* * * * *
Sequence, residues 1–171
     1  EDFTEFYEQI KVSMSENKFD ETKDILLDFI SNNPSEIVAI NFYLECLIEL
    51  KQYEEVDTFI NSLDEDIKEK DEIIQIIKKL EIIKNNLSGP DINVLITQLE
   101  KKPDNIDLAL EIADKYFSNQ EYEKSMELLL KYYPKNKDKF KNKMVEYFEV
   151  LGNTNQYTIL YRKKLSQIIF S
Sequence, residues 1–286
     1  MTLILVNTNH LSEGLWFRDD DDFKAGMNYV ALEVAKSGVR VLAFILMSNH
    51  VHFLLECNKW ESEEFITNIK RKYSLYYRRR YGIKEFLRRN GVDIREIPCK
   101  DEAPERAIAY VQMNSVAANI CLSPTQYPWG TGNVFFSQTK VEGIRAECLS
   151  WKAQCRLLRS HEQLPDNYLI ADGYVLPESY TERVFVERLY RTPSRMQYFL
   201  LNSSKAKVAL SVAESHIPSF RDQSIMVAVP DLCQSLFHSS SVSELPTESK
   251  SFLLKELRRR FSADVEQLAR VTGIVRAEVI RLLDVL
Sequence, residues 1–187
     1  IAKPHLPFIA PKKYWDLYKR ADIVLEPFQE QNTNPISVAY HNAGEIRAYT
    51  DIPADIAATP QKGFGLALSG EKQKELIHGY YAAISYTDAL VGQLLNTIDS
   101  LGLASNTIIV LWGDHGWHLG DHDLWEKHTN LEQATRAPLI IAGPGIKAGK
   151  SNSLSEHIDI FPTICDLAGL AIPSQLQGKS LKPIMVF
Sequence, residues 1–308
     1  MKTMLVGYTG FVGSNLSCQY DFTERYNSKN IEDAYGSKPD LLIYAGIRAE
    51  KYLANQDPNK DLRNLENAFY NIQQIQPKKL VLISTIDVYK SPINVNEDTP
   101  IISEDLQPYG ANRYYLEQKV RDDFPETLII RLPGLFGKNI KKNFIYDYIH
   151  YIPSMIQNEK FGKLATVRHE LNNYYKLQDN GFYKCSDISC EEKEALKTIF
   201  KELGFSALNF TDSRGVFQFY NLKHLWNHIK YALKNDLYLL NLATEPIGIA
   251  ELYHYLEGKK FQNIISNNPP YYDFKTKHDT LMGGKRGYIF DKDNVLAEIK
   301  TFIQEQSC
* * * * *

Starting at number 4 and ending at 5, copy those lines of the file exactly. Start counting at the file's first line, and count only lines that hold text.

   101  KKPDNIDLAL EIADKYFSNQ EYEKSMELLL KYYPKNKDKF KNKMVEYFEV
   151  LGNTNQYTIL YRKKLSQIIF S